1. ## f-stop of lens

hi can anybody care to enlighten me on the f-stop of lenses??

why is it the smaller the small stop the more ex???

smaller f-stop is used for what actually.

2. ## Re: f-stop of lens

Originally posted by klein
hi can anybody care to enlighten me on the f-stop of lenses??

why is it the smaller the small stop the more ex???

smaller f-stop is used for what actually.
The f-stop denotes the size/diameter of the opening of the lens. This is controlled via a diaphram, very similar to how you eye's iris opens and closes.

f-stop is expressed as f/number, where f is the focal length of the lens. So if you pass you math (no offence ) you will then know that the smaller the number, the bigger the "hole" (aperture). E.g. If you have a 100mm lens, an aperture size of f/2 will measure 50mm (100/2 = 50), and an aperture of f/11 will give you 100/11 = 9.09mm.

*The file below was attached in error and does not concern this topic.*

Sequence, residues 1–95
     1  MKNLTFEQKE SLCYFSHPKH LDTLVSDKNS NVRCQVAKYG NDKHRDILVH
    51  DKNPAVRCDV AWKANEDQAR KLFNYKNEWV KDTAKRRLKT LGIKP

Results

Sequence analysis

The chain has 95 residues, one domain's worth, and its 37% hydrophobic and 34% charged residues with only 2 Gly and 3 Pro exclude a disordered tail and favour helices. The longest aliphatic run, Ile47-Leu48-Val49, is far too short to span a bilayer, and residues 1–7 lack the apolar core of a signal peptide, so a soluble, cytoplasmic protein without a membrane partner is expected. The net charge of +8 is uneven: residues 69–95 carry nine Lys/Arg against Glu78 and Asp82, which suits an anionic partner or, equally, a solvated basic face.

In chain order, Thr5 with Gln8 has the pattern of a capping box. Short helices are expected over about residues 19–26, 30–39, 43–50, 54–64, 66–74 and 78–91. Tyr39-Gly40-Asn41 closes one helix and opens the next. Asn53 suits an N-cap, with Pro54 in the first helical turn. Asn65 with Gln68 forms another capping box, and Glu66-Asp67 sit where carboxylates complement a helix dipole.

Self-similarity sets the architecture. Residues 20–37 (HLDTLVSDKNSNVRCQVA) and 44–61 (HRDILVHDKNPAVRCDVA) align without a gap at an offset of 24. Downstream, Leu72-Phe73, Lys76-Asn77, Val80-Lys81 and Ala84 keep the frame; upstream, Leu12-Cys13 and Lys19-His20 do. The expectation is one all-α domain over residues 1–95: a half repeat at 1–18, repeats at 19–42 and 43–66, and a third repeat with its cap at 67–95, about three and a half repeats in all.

The smaller this opening (larger f-number e.g. f/11), the more depth of field you have. That means more parts of your image will be in focus. Conversely, a large aperture (smaller f-number, e.g. f/1.4) will give you LESS depth of field, perfect for blurring backgrounds.

By now, you realise that to make a les with a small f-number (large opening), you will need more glass. And not just more glass - more precision and all that is needed in making that lens, so it costs more.

Regards
CK

3. with a bigger fstop u can allow more lights to come in and get shots at very dim or limited light areas! And therefore the smaller fstop the more expensive, cos the lens is harder to produce.

4. while a lens with a very small f-stop may seem like a good thing to have in low light, image quality also depends on the quality of optics and the way the lens are arranged.

big aperture may not produce the sharpest images you can get e.g images may turn out soft at max aperture for certain cameras.

5. Thank you... excellent info for newbie like me...

6. Think you guys got it mixed up a bit.

Small Aperture = big number = small opening (e.g. f/11)
Big aperture = small number = large opening (e.g. f/1.4)

Regards
CK

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